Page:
Although Rich & Piercy ( 2014, p. 306) insist on mutual compatibility between lean and sustainability, lean is not always a“green” approach. Industries in the oil and plastic manufacturing may use the lean approach of using less yet its outcome in gas emissions and release of products in the enviornment is destructive to the environment. The use of inputs verses outputs to measure OM factors differentiates these elements. Besides, some operations such as the transport industry and multinational operations are complex hence require a multifaceted approach. In this case, some stakeholders or departments may succeed with the lean process while others require maximum inputs. Future challenges caused by competitiveness in the manufacturing sector highlight challenges in the implementation of change (Pons & Pearce, 2013). When organizations innovate, new practices, structures, tools and techniques come into play. This process is expensive because it might lead to the costly replacements. The article agrees that the application of the lean process and sustainability is effective in manufacturing. However, industries like technology may face challenges using them. Organizations keep changing the leadership and culture in order to provide support for sustainable approaches. Lean principles are effective in the management of tangible products but it has limits in leadership and employee strategies.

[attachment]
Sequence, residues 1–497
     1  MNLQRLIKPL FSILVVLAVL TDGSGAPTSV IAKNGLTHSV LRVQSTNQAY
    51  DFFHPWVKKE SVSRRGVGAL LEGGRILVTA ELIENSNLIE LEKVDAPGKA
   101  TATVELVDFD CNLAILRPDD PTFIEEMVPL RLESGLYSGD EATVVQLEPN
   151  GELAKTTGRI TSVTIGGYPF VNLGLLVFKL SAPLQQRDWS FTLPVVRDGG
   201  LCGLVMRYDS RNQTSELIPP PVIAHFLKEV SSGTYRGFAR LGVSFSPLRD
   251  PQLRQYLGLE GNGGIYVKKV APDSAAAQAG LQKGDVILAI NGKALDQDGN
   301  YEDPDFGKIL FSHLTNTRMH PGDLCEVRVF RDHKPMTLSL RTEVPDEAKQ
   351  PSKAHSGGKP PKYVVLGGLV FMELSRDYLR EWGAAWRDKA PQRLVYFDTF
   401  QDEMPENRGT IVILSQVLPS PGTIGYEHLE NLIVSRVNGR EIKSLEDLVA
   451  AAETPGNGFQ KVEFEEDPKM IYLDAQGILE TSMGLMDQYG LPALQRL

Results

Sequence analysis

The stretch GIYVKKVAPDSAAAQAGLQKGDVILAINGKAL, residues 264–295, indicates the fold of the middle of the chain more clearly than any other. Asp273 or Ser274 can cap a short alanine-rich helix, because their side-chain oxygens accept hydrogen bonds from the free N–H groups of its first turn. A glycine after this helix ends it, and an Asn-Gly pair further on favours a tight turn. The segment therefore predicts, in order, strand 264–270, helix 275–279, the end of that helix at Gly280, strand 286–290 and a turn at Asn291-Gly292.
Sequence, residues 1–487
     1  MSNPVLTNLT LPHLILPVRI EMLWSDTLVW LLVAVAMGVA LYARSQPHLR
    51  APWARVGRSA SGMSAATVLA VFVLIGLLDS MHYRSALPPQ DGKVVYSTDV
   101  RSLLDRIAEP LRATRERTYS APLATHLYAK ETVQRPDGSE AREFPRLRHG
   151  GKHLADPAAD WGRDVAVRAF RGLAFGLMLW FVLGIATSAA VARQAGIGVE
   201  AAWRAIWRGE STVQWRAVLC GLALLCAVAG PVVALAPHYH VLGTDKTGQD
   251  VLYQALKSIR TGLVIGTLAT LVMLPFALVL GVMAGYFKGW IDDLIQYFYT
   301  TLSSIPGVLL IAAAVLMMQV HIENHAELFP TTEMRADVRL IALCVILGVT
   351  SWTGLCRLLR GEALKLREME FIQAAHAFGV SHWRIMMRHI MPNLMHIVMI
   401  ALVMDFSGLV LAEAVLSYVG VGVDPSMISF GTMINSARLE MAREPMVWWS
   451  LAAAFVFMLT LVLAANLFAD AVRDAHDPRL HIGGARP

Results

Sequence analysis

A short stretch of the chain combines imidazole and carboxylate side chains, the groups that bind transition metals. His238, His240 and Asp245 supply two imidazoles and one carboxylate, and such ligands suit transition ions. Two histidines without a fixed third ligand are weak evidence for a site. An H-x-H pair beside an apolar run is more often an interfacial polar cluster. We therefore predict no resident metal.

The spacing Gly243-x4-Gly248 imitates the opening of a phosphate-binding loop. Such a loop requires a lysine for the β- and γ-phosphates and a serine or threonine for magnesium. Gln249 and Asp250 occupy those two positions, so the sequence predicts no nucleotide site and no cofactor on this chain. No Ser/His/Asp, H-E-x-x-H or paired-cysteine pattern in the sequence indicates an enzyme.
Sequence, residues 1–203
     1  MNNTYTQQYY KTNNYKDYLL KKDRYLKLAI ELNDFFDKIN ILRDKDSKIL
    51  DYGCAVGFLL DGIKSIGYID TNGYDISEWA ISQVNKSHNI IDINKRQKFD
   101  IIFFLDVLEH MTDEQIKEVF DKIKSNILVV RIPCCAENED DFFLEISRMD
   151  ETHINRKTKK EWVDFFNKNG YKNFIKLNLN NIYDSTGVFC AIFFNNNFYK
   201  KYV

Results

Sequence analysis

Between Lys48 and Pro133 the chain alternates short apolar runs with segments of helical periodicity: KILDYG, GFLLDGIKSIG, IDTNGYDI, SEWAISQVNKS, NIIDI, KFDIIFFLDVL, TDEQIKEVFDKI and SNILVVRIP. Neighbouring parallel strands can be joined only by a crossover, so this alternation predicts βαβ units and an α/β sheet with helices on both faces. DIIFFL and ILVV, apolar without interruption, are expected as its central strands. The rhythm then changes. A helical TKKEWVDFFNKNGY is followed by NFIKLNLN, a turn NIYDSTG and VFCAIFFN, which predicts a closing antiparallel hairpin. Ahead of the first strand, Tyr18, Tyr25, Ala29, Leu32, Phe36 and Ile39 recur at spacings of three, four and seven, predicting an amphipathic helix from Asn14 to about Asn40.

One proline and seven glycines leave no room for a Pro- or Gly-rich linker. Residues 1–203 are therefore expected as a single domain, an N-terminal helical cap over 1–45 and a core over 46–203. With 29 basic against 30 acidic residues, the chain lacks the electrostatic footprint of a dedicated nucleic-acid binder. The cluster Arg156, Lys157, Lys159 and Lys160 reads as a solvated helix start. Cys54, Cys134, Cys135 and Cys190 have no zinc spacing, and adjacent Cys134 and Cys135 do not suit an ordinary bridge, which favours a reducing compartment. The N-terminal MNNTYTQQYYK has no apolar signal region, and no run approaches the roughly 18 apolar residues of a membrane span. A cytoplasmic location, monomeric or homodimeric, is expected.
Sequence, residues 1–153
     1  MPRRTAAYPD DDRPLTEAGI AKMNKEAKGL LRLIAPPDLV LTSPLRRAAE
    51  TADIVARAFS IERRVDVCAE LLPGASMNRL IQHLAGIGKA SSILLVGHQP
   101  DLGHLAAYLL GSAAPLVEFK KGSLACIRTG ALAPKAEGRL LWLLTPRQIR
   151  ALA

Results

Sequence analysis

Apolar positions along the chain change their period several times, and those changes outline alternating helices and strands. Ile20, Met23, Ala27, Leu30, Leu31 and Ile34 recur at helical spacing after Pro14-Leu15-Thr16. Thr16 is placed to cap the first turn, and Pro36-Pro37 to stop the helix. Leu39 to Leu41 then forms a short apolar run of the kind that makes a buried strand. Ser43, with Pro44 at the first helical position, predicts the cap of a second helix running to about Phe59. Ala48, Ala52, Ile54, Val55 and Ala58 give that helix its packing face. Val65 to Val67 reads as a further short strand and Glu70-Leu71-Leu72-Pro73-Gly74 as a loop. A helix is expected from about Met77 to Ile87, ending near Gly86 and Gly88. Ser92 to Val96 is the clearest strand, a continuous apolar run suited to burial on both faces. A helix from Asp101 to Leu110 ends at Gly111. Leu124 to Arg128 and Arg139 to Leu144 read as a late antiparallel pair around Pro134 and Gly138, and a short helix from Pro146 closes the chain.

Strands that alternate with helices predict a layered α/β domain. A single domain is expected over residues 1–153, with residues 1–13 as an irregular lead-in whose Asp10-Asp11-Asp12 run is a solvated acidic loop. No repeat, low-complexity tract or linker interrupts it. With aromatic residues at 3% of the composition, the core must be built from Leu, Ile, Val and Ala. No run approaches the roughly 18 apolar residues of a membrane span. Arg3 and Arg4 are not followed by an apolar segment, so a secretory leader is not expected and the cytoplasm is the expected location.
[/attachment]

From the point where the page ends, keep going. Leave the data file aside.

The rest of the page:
Challenges in the Integration of Lean and Sustainability
The article leaves out the Six Sigma is a Total Quality approach, which compliments the lean process (Pacheco, et al., 2015). It feels the gap left by lean in the improvement of products through value creation. It provides the quality standards for classifying processes based on the level of achievement of perfection. The other method left out in the total elimination of wastes is The Just in Time approach. This creates specific approaches to inventory for the highest reduction in costs (Nagano, et al., 2015). All these processes target sustainability and may not fully fulfil their potential independently. An integrative approach is more appropriate because of growing industry and customer needs (Leng & Jiang, 2017). JIT, Six Sigma and Lean have the same purpose- to reduce waste and provide the best value for customer satisfaction. They advocate for sustainability, which is about the human factor that involves production with a human factor. It involves the intangible element such as the customer benefit package (CBP) while lean is useful in both products and service industries. In contemporary organizations, there are numerous challenges. These include technology changes, management of globalizations and the dynamic consumer behavior. Strategic MO is about optimization of resources for the most convenient outcome.